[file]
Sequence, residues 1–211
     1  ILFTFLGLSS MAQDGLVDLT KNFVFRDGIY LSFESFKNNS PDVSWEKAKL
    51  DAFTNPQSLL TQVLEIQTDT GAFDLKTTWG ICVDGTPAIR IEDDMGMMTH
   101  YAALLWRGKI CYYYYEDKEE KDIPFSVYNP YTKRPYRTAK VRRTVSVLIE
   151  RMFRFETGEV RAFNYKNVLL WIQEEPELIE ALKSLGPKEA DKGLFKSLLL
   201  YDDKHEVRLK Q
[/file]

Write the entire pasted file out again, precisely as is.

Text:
Sequence, residues 1–211
     1  ILFTFLGLSS MAQDGLVDLT KNFVFRDGIY LSFESFKNNS PDVSWEKAKL
    51  DAFTNPQSLL TQVLEIQTDT GAFDLKTTWG ICVDGTPAIR IEDDMGMMTH
   101  YAALLWRGKI CYYYYEDKEE KDIPFSVYNP YTKRPYRTAK VRRTVSVLIE
   151  RMFRFETGEV RAFNYKNVLL WIQEEPELIE ALKSLGPKEA DKGLFKSLLL
   201  YDDKHEVRLK Q